The University Record, January 23, 1996

Gilbert R. Whitaker Jr. Fund awards 10 grants to faculty for improvement of teaching

By Jared Blank 

Provost J. Bernard Machen recently announced the faculty recipients of 10 grants of $5,000 each from the Gilbert R. Whitaker Fund for the Improvement of Teaching. Up to three proposals will be awarded $25,000 grants to continue the projects next year.

"The Gilbert R. Whitaker Fund for the Improvement of Teaching is an outgrowth of the Seminar on Teaching, a seminar made up of 35 faculty drawn from across the University and begun in 1994," Machen explains. "The seminar recommended that additional funding be made available for innovative teaching ideas, and this fund is the result. The fund is named after then-provost Gilbert R. Whitaker Jr. because of his leadership of the seminar, and I am delighted to help launch it."

Whitaker is proud of the innovative ideas that have been presented by faculty in their proposals. "I'm very pleased that my name is associated with these awards," he says. "I believe the thinking and work done by the faculty groups who have received the awards will not only lead to improvement in teaching, but also in the sense of the importance of teaching in our University.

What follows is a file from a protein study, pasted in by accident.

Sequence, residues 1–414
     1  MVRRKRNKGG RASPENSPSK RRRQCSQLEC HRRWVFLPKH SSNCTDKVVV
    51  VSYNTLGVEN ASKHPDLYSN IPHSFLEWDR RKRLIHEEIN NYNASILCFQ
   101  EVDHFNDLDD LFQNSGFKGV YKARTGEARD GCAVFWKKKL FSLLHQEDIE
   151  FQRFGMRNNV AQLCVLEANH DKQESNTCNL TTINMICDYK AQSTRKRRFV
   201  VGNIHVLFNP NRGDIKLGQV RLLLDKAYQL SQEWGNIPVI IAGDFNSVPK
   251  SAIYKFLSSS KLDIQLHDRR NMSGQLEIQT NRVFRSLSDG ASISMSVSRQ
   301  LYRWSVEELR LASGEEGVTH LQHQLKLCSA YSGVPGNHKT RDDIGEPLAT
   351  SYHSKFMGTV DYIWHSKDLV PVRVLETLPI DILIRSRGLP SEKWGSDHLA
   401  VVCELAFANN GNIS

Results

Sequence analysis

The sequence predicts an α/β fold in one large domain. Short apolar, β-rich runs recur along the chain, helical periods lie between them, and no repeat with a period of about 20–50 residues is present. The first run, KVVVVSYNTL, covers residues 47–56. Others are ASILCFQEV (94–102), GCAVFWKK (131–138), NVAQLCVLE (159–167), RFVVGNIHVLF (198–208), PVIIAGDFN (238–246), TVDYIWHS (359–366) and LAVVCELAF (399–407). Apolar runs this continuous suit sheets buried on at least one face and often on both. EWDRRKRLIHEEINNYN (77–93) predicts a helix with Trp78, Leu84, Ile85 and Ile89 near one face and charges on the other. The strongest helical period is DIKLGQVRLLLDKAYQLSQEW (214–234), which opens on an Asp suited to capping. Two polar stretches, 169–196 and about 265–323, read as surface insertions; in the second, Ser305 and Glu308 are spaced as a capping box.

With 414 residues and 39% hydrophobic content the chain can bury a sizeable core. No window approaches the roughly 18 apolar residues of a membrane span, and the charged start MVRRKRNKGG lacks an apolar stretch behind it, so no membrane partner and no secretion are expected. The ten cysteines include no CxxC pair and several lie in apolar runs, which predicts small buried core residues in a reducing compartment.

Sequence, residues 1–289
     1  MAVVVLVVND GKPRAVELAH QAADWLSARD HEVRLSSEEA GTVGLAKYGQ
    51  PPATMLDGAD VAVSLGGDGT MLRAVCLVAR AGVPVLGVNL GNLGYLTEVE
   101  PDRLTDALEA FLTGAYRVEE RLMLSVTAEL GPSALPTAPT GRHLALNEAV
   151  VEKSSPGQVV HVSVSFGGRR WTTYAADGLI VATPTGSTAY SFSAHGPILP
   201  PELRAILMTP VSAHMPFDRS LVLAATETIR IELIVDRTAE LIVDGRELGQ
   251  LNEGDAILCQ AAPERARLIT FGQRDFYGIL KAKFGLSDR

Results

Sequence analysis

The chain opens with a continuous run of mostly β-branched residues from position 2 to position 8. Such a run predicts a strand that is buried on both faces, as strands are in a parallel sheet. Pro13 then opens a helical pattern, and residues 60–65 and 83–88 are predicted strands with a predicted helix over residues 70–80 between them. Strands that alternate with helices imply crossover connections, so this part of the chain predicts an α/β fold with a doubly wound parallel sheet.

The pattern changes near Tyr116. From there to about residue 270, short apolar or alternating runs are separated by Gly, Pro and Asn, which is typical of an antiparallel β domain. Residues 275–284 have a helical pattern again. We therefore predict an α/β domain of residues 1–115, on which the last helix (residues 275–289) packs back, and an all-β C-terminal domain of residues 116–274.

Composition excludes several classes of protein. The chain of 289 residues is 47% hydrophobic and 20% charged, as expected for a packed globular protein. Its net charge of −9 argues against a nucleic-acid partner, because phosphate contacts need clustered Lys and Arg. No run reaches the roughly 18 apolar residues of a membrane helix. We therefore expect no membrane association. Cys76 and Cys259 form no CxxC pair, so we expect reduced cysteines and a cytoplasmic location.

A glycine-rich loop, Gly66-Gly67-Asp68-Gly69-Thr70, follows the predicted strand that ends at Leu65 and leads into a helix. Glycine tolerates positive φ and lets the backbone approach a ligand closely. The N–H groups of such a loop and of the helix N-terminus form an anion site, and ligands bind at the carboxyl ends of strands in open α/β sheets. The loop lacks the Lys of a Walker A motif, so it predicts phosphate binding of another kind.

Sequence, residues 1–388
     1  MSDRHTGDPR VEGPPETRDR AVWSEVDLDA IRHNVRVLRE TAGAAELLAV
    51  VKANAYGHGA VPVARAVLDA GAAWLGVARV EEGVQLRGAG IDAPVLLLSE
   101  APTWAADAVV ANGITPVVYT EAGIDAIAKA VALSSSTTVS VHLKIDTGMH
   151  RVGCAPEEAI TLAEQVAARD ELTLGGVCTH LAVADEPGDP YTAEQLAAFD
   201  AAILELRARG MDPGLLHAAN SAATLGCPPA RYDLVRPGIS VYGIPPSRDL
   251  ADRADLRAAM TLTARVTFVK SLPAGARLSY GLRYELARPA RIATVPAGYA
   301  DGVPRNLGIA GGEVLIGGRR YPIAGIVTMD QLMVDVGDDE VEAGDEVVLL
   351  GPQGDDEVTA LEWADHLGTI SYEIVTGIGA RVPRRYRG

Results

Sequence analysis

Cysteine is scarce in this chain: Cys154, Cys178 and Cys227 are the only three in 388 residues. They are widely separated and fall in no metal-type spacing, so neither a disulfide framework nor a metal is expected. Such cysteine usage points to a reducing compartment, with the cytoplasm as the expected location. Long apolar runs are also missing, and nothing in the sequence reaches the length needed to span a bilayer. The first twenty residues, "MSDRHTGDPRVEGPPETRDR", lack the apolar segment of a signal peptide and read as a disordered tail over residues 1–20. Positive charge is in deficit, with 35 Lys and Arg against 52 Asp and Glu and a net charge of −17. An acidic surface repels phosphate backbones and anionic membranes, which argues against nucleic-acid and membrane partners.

"An important ancillary benefit," he adds, "will be the improvement in collegial relations among faculty as they work together to improve teaching. Since research has shown that collegial faculty relationships in a department lead to improved departmental performance in both scholarship and teaching, I am hopeful that these awards will be a useful small step toward these worthy goals."

The fund has been extended, allowing for 10 additional $5,000 awards to be made next fall.

Grant recipients and their proposals are:

Patricia Y. Gurin, chair of the Department of Psychology, will conduct a Multicultural Faculty Institute for faculty who work with undergraduates and TAs in psychology. "The institute aims to help faculty revise syllabi and other course materials, and explore new pedagogy that will make classrooms, and the broader climate in the department, more positively multicultural." One workshop will feature panelists who have done multicultural teaching and another will focus on pedagogy exercises.